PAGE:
The farm in Minnesota has been about mixing land and labor to create food and fuel. Critical in this enterprise has been the ability to sell the surplus from the farm in the market. Because debt is such a constant burden in the lives of farm families, a fair market-with fair prices-has been essential. To achieve fairness, farmers have banded together to form cooperatives and exercise political power.
Consider the case of the grasshopper plagues that confronted Minnesota farm families between 1873 and 1877. The "Rocky Mountain locusts" that laid waste to crops on the plains would not have found a favorable home had the prairie not been plowed, because the insects needed worked soil to lay eggs. Minnesota farmers had broken the sod to plant the wheat they needed to pay off their debts. This left the farmers vulnerable to plagues of hoppers.
Once suffering and with a greatly diminished harvest to market, farmers reluctantly looked for relief. They turned first to the Grange at the local, state, and national levels, but the Grange, though helpful, was not up to the task. Farm families then turned to county and state governments, as well as the federal government, but their requests for help resulted in limited charity, not relief sufficient to the crisis.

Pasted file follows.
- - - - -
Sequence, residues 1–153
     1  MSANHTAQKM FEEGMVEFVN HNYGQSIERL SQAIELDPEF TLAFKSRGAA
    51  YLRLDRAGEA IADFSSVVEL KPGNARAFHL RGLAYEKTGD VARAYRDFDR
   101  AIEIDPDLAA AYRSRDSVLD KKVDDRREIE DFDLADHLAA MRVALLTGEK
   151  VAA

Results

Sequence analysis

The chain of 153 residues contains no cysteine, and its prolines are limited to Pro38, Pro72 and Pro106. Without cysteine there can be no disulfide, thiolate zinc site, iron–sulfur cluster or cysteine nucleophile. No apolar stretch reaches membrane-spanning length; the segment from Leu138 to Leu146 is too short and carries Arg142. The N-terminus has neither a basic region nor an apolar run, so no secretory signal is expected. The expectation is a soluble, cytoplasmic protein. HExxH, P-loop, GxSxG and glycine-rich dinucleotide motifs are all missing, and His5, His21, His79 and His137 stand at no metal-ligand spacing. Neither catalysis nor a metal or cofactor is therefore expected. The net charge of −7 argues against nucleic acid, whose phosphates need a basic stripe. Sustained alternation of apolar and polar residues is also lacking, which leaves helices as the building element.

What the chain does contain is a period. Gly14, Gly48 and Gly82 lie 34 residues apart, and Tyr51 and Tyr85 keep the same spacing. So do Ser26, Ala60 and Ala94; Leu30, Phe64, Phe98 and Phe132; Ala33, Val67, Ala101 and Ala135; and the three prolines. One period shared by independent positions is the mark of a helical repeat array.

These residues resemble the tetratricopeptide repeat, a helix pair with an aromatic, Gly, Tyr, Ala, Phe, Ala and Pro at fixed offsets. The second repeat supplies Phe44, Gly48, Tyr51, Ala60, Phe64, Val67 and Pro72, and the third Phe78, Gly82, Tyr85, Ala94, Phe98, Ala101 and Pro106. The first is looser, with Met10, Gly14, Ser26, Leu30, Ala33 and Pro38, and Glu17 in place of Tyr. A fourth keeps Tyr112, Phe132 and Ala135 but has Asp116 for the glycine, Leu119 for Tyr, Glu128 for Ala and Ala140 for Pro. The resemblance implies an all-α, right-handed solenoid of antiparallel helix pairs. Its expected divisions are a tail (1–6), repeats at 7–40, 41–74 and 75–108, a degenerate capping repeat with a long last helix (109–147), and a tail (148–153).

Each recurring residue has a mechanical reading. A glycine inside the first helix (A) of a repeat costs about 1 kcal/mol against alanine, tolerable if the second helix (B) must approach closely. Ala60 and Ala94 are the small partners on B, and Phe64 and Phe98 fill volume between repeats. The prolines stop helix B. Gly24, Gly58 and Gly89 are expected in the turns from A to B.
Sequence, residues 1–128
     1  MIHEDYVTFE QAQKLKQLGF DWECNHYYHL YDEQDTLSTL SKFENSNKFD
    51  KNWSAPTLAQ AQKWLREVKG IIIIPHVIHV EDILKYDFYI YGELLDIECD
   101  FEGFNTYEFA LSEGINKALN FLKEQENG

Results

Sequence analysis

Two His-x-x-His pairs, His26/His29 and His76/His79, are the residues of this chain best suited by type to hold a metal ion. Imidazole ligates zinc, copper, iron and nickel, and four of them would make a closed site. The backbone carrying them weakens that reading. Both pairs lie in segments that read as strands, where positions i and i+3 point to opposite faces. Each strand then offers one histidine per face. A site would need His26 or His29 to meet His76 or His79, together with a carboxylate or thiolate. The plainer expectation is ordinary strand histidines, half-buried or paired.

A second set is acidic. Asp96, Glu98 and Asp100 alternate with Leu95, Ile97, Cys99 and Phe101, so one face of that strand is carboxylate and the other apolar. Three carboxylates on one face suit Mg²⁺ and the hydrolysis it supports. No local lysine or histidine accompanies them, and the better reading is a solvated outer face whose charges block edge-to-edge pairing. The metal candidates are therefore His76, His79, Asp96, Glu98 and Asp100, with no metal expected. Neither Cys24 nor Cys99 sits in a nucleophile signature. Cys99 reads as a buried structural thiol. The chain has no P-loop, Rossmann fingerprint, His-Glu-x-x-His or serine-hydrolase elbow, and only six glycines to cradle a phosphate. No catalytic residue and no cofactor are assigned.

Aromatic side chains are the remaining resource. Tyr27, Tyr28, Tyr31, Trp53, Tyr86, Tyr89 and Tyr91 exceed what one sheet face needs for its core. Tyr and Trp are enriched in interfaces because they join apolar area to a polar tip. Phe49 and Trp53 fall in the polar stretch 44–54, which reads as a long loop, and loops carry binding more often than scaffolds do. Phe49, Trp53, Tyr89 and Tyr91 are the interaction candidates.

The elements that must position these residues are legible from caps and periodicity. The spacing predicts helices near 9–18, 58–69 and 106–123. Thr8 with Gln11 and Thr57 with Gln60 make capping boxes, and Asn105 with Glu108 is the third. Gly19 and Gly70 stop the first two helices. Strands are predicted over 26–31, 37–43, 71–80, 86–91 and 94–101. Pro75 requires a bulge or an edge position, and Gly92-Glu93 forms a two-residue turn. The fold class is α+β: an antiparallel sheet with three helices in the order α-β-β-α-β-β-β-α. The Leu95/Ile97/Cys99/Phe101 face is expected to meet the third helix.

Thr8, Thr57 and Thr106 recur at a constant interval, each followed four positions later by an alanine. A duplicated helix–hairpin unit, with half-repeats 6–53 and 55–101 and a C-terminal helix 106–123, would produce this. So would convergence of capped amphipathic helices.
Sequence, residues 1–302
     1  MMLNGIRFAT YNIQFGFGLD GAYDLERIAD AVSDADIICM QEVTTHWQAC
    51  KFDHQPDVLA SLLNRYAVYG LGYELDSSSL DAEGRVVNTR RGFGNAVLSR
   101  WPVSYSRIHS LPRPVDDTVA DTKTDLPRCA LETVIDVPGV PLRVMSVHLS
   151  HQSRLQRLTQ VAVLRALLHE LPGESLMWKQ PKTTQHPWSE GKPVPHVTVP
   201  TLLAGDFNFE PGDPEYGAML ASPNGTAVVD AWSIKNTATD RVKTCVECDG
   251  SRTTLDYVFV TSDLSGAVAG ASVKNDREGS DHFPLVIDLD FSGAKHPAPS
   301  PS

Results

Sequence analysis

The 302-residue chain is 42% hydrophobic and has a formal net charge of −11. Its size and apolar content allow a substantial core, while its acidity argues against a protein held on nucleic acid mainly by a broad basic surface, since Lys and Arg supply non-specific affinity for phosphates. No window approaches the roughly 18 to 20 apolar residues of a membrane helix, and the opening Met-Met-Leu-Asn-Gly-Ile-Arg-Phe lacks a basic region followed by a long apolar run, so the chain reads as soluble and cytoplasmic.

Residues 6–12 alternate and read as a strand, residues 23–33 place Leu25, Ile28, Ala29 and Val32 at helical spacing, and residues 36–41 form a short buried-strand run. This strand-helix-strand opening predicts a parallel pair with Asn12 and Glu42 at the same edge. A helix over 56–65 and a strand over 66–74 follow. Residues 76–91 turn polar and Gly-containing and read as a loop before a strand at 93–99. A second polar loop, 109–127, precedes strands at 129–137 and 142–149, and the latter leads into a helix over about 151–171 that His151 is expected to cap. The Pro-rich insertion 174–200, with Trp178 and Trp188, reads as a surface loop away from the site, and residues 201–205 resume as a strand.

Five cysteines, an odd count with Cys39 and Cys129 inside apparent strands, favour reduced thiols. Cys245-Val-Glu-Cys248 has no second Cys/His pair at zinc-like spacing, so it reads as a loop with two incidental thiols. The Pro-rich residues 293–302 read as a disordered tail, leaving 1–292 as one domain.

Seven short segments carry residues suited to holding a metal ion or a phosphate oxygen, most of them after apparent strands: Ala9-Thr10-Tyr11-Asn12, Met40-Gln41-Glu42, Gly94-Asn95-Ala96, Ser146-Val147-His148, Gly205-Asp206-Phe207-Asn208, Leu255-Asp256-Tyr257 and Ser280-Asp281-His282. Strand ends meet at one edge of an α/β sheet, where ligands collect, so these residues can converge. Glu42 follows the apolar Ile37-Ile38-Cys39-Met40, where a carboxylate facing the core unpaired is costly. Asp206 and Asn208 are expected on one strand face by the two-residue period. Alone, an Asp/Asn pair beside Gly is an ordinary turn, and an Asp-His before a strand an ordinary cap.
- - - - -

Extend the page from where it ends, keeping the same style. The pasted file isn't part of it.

According to historian Annette Atkins, it was as if the plagues that ravaged western Minnesota and forced already poor farm families into more desperate conditions were brought on by their own failings. In the future, she notes, farmers would no longer ask for relief; instead, "they organized and demanded." In the grasshopper plagues, we see the fullness of agriculture in Minnesota: nature mixed with labor and the market led to unpredictable results, and farm families organized to survive on the land and feed a hungry state, nation, and world.
Jeff Kolnick is associate professor of history at Southwest Minnesota State University. His work on Minnesota history ranges from political history to a project that looks at Minnesota's connection to the San Lucas Mission in Guatemala. Kolnick is a founding member of the Fannie Lou Hamer National Institute on Citizenship and Democracy.
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Minnesota agriculture has its origins in the taking of land from native peoples who lived in what is now Minnesota before white exploration and settlement.
Treaty violations and violence represent an essential legacy of US and Minnesota agriculture.
Once settled, Minnesota farm families transformed the land by plowing, cutting down ancient forest, and draining wetlands.
Farm labor was carried out by family units, including the critical labor of women and children.
Farm families were, of necessity, assisted in their labor by animals, machines, hired help, and community members.
Farm families worked to feed themselves and to generate a surplus to sell in the marketplace.
Farm families worked to tame the excesses of the marketplace by developing cooperative enterprises.
Today, Minnesota farms produce a variety of crops and animal products, and in 2008, they were the sixth largest agricultural producer in the United States.
Minnesota farmers are active citizens who have organized in their interests since the founding of the state.
Minnesota farm families participate in numerous government programs to help them survive on the land.